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5.05 English 3 FLVS
Transcript of 5.05 English 3 FLVS
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You have learned about multiple historical, cultural and literary influences in early 20th century America. You have also read several poems which are representative of early 20th century American literature.
Now you will take this information to create a presentation showcasing both of your chosen poems. You should have at least one image for each poem along with text explaining the ways in which the literary works were influenced by the events of the 20th century.
The Two Poems:
The Mending Wall by Robert Frost
Languages by Carl Sandburg
How did this relate to the 20th Century?
When I read this poem I catch symbols of differences between the two neighbors, although they are different they are still good to each other. I think demonstrates immigration and maybe several of the immigration laws that were passed and how each and every person that came to the United States in the 20th Century could easily point out their differences but challenge a friendship.
The Mending Wall
Something there is that doesn't love a wall,
That sends the frozen-ground-swell under it,
And spills the upper boulders in the sun;
And makes gaps even two can pass abreast.
The work of hunters is another thing:
I have come after them and made repair
Where they have left not one stone on a stone,
But they would have the rabbit out of hiding,
To please the yelping dogs. The gaps I mean,
No one has seen them made or heard them made,
But at spring mending-time we find them there.
I let my neighbor know beyond the hill;
And on a day we meet to walk the line
And set the wall between us once again.
We keep the wall between us as we go.
How does this relate to the 20th Century?
Let us think of some times in the 1900's where heritage and language and religion took a toll on the way life was...The Red Scare, Immigration Laws, Discrimination, Segregation, and even the KKK just to name a few. I believe that what Mr. Carl was trying to say, was to realize that what we do now is important to us but maybe not so important in a thousand years. I think that he wanted us to t a step back and enjoy what we have now and make the best of it. Make an impact on the way people look at things in a way that will be remembered many years from now just as the same wind has blown for thousands of years.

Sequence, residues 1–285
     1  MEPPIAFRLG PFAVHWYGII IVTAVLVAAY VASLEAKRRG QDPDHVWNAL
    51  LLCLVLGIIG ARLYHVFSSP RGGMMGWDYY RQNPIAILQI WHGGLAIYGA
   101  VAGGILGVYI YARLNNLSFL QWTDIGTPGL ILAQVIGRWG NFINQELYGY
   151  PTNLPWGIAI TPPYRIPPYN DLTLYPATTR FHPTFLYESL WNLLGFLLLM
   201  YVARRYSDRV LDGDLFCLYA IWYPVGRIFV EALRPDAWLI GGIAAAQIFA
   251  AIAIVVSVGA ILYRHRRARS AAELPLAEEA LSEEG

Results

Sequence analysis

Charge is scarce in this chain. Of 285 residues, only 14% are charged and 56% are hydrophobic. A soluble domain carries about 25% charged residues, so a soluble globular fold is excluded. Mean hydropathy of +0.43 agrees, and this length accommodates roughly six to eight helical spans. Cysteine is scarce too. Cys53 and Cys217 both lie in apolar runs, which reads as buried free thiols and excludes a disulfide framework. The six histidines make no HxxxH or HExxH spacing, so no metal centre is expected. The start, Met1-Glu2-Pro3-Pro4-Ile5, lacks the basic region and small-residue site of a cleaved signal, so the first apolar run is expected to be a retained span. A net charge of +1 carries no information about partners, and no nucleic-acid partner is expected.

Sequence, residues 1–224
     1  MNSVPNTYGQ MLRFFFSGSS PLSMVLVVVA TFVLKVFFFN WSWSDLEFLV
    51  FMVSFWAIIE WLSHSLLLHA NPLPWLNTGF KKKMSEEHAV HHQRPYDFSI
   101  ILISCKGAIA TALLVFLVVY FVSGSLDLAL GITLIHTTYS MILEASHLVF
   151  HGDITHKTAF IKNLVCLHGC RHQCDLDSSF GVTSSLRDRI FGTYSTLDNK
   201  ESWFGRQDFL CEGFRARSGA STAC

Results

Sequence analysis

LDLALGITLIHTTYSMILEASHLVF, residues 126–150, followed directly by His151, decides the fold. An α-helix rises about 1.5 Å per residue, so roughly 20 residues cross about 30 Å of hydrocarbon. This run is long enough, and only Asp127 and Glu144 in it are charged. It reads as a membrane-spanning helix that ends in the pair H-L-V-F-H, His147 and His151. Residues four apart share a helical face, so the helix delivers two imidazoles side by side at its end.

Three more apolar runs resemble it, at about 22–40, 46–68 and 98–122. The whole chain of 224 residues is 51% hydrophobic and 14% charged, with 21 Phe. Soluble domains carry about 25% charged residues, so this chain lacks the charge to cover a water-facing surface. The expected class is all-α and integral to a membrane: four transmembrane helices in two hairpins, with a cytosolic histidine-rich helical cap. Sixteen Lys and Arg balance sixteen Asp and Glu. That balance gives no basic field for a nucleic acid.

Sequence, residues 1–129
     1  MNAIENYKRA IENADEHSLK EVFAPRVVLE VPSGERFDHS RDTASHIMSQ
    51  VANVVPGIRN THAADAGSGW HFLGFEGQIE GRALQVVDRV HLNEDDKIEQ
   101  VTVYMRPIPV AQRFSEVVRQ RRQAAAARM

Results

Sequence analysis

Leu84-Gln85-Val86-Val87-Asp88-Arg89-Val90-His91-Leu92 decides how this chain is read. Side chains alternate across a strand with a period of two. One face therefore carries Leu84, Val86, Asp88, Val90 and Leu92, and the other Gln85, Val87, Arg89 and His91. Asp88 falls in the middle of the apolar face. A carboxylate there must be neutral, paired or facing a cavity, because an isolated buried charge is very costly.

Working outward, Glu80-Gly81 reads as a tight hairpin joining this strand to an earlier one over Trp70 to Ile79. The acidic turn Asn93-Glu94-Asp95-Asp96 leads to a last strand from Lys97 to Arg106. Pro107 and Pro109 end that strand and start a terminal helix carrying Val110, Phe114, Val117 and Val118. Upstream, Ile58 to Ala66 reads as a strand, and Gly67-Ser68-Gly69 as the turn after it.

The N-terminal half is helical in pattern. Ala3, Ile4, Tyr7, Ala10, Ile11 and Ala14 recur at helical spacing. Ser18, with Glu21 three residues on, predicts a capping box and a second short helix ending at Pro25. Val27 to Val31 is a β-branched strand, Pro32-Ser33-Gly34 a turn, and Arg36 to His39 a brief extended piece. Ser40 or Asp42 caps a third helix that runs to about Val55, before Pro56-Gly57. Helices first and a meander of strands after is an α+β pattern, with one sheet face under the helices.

There are no handles upon a language
Whereby men take hold of it
And mark it with signs for its remembrance.
It is a river, this language,
Once in a thousand years
Breaking a new course
Changing its way to the ocean.
It is mountain effluvia
Moving to valleys And from nation to nation
Crossing borders and mixing.
Languages die like rivers.
Words wrapped round your tongue today.
Miranda Butterfield, Mrs. Pote
To each the boulders that have fallen to each.
And some are loaves and some so nearly balls
We have to use a spell to make them balance:
'Stay where you are until our backs are turned!'
We wear our fingers rough with handling them.
Oh, just another kind of outdoor game,
One on a side. It comes to little more:
There where it is we do not need the wall:
He is all pine and I am apple orchard.
My apple trees will never get across
And eat the cones under his pines, I tell him.
He only says, 'Good fences make good neighbors.'
Spring is the mischief in me, and I wonder
If I could put a notion in his head:
'Why do they make good neighbors? Isn't it
Where there are cows? But here there are no cows.
Before I built a wall I'd ask to know
What I was walling in or walling out,
And to whom I was like to give offense.
Something there is that doesn't love a wall,
That wants it down.' I could say 'Elves' to him,
But it's not elves exactly, and I'd rather
He said it for himself. I see him there
Bringing a stone grasped firmly by the top
In each hand, like an old-stone savage armed.
He moves in darkness as it seems to me,
Not of woods only and the shade of trees.
He will not go behind his father's saying,
And he likes having thought of it so well
He says again, 'Good fences make good neighbors.'
And broken to shape of thought
Between your teeth and lips speaking
Now and today
Shall be faded hieroglyphics
Ten thousand years from now.
Your song dies and changes
And is not here to-morrow
Any more than the wind
Blowing ten thousand years ago.